Fatal level crossing site not up to national standard

Laine Clark |

There had been no risk assessment on a Brisbane level crossing for almost 20 years, a report found.
There had been no risk assessment on a Brisbane level crossing for almost 20 years, a report found.

A maligned level crossing in Brisbane did not meet Australian safety standards when a driver was fatally hit by a train two years ago, a report says.

The Australian Transport and Safety Bureau released its findings on Wednesday, revealing the boom gate was too short when the female motorist was killed at the crossing by the express passenger train in February 2021.

Queensland Rail (QR) had also not done out a risk assessment on the Kianawah Road level crossing for almost 20 years despite concerns raised by locals and many near misses.

The female driver was likely unfamiliar with the area and using a GPS when she approached the “complex” crossing, ATSB said.

CCTV footage showed the boom was lowered for about 10 seconds before the woman’s vehicle moved on to the crossing.

The ATSB report found there was a 3.1-metre gap between a median island on the road and the lowered boom barrier at the crossing.

The Australian standard states boom gates must extend to the dividing line or the centre of a roadway.

The gap meant the boom barrier only partially blocked traffic that approached the level crossing from Lindum Road, ATSB said.

“In this instance, it was very likely that the driver of the motor vehicle followed the turn line markings on the road surface, which directed them past the end of the lowered boom barrier onto the level crossing and into the path of the approaching train,” the report said.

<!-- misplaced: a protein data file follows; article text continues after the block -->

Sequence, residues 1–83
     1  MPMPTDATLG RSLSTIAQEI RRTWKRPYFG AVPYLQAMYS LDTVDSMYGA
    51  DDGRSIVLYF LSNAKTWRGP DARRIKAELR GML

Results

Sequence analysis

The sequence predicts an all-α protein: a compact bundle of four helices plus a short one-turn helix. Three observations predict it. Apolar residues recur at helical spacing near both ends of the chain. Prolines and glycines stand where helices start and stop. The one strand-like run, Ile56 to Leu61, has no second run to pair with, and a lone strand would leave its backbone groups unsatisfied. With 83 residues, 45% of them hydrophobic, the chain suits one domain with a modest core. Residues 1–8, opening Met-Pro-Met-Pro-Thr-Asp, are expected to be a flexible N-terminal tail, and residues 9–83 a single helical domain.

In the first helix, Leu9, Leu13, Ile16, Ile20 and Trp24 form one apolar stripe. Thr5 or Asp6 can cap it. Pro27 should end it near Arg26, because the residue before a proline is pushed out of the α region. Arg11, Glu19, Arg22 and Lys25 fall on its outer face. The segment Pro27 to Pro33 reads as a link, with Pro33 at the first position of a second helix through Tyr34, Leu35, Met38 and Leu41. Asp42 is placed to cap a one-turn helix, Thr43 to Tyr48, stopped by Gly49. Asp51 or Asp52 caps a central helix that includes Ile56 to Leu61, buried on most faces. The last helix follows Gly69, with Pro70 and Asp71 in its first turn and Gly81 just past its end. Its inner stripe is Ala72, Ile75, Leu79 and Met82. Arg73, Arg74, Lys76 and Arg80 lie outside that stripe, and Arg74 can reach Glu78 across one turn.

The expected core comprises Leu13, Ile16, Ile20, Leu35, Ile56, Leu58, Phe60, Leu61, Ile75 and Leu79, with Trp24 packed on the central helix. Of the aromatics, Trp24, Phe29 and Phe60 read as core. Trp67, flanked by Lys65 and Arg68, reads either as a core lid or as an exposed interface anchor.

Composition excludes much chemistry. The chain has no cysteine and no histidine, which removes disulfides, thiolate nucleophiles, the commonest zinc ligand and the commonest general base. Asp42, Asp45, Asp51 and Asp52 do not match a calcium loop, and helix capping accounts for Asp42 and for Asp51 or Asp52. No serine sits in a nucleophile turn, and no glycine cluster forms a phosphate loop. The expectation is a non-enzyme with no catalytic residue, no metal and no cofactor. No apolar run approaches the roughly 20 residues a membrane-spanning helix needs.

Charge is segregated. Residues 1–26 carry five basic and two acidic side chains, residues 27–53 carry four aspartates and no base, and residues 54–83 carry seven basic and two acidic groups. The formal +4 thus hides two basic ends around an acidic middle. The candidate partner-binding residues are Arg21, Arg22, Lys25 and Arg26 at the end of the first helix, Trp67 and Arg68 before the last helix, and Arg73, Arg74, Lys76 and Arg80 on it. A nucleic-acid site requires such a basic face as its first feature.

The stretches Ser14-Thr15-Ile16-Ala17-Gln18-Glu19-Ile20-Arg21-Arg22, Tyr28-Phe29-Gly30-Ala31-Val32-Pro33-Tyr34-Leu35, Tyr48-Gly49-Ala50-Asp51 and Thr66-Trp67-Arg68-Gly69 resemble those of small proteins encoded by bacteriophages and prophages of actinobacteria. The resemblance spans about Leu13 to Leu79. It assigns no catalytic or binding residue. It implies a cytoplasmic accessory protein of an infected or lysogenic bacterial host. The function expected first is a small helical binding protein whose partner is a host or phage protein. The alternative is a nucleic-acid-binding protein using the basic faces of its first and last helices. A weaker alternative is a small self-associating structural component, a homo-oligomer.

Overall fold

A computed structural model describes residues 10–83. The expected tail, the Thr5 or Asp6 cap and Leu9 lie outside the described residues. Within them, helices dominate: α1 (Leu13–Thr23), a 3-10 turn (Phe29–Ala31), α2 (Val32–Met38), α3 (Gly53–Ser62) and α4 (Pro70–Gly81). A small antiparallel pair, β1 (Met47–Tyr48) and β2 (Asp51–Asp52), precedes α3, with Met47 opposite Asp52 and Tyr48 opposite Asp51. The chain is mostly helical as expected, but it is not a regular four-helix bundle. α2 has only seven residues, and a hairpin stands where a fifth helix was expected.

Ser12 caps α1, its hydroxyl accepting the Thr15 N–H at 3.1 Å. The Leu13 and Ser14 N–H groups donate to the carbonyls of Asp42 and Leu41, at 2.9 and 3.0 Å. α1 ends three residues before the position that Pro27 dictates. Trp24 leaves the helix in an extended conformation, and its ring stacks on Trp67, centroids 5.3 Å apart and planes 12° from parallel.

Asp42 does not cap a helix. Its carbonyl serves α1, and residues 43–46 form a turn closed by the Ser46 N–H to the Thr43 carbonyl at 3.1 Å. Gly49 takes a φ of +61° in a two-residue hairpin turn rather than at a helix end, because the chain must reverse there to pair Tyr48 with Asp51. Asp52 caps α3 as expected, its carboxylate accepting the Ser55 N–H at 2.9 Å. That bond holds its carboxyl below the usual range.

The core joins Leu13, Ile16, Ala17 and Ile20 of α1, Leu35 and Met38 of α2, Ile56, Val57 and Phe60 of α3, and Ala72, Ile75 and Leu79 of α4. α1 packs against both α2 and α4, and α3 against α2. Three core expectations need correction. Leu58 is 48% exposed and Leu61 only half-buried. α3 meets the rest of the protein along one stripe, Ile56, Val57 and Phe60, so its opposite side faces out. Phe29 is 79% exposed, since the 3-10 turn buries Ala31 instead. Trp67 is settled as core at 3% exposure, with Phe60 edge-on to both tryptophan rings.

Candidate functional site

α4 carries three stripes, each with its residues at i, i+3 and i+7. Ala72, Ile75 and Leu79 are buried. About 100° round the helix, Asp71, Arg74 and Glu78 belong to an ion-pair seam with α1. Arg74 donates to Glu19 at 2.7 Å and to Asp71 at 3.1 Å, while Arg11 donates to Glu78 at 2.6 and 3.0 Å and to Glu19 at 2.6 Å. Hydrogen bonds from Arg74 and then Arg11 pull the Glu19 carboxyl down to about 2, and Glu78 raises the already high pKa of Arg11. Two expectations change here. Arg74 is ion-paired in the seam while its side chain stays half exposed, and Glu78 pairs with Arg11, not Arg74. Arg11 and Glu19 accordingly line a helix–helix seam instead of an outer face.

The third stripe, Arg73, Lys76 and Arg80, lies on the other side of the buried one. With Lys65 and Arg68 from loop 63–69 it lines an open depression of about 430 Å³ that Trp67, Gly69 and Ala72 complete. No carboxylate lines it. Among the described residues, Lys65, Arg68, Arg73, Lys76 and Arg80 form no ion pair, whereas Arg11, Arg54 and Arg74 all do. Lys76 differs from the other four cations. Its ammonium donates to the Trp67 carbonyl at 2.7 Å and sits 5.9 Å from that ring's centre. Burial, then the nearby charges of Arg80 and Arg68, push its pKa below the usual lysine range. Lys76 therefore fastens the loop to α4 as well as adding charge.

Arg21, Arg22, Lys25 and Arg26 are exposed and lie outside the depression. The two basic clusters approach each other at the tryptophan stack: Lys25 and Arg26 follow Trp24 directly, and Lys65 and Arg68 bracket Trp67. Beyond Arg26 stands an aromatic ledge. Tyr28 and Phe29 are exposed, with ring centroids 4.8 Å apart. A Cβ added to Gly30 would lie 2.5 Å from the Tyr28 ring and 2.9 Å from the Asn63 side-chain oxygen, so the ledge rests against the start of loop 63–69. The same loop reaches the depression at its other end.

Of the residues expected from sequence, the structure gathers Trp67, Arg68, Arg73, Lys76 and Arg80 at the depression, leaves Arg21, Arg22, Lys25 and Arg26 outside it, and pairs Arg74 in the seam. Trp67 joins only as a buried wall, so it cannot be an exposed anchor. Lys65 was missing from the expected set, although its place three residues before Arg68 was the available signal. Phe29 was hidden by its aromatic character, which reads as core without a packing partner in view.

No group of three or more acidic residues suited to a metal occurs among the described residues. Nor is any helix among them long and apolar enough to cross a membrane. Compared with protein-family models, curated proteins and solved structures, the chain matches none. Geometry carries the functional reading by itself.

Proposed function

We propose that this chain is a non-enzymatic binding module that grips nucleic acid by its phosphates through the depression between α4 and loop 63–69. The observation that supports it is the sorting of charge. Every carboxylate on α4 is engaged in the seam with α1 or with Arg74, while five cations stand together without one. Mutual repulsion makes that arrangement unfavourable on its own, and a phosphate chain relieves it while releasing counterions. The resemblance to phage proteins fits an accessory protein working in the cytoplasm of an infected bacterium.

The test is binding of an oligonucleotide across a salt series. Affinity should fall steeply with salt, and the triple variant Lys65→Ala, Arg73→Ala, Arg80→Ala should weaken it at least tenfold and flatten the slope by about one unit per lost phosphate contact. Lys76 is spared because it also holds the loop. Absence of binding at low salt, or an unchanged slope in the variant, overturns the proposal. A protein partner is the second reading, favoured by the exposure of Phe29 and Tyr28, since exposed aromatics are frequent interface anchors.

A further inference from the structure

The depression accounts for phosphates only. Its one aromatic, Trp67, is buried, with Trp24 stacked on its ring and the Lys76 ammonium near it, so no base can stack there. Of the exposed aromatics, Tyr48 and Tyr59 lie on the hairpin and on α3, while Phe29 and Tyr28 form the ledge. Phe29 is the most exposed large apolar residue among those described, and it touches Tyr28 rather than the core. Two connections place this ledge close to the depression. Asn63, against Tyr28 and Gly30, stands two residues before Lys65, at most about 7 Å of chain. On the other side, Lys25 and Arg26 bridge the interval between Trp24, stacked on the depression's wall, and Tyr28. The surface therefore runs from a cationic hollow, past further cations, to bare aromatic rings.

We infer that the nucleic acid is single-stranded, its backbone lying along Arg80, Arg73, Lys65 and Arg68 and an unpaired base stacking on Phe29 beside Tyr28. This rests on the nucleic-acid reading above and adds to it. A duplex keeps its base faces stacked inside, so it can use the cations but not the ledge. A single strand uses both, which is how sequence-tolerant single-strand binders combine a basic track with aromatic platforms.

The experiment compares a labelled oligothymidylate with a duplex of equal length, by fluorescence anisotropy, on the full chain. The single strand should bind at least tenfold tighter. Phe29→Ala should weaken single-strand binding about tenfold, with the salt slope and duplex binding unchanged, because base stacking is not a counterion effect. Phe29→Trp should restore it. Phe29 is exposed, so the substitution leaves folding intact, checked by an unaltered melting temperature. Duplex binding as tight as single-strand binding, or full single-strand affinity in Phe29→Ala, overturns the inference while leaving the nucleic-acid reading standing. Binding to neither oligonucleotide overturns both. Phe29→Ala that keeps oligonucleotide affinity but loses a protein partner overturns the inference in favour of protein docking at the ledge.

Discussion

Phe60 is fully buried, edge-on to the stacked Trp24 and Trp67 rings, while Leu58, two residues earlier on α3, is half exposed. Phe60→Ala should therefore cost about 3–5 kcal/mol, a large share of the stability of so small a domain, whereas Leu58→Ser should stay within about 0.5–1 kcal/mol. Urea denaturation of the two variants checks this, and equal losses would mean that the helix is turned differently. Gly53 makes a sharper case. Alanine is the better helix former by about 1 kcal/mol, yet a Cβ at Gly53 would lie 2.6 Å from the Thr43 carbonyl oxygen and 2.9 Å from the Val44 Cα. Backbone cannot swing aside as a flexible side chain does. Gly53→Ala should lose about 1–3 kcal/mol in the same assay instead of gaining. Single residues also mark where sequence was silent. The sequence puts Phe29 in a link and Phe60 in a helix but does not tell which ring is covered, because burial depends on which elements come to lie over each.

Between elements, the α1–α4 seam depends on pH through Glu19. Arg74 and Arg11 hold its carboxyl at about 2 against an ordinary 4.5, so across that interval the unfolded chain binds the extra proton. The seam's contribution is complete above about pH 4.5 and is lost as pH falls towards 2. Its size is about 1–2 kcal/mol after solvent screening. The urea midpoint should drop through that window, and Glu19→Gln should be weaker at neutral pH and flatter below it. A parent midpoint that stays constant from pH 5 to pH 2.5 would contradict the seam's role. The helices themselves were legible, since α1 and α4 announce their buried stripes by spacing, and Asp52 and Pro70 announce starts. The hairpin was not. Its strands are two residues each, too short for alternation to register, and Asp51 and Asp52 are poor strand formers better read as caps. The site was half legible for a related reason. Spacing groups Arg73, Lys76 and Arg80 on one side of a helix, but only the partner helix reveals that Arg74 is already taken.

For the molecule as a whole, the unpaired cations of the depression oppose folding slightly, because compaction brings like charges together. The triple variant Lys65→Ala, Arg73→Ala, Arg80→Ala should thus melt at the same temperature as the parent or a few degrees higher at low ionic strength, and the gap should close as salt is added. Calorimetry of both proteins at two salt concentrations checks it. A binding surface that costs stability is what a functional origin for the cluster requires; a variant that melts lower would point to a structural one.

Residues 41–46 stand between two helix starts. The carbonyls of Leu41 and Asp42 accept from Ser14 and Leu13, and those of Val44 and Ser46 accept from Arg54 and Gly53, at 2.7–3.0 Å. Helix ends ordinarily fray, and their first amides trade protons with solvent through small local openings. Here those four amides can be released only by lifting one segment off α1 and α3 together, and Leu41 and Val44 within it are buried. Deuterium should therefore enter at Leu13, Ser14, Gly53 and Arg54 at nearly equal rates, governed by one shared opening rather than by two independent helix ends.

The train was travelling at more than 80km/h when it hit the vehicle.

The public had raised safety concerns about the crossing with three levels of government for years, the report said.

There were many reported incidents at the crossing over a two-year period up to February 2021 including 14 of a vehicle passing through with the boom gate down.

But QR’s last risk assessment of the crossing was held in 2002, 19 years before the fatal collision.

“The standard stated that public and pedestrian level crossings were to be assessed every five years or sooner,” the ATSB report said.

QR only had one person to assess the thousands of level crossings from 2016 to 2021.

“Of the 1138 public level crossings that required assessment within the five-year time frame, just 52 were completed,” the report said.

At the time QR and the Brisbane City Council also did not have a required formal agreement outlining shared level crossing safety responsibilities. 

The agreement is now in place after QR addressed all safety concerns.

A new Australian standards compliant boom barrier has been installed with updated road markings and risk assessment at the crossing.

Four staff have also been trained to undertake level crossing risk assessments, with a contract firm set to assist over the next five years.

QR said all levels of government were working together on a precinct study for the crossing with a full accessibility upgrade set for nearby Lindum station, including moving it further away from the intersection.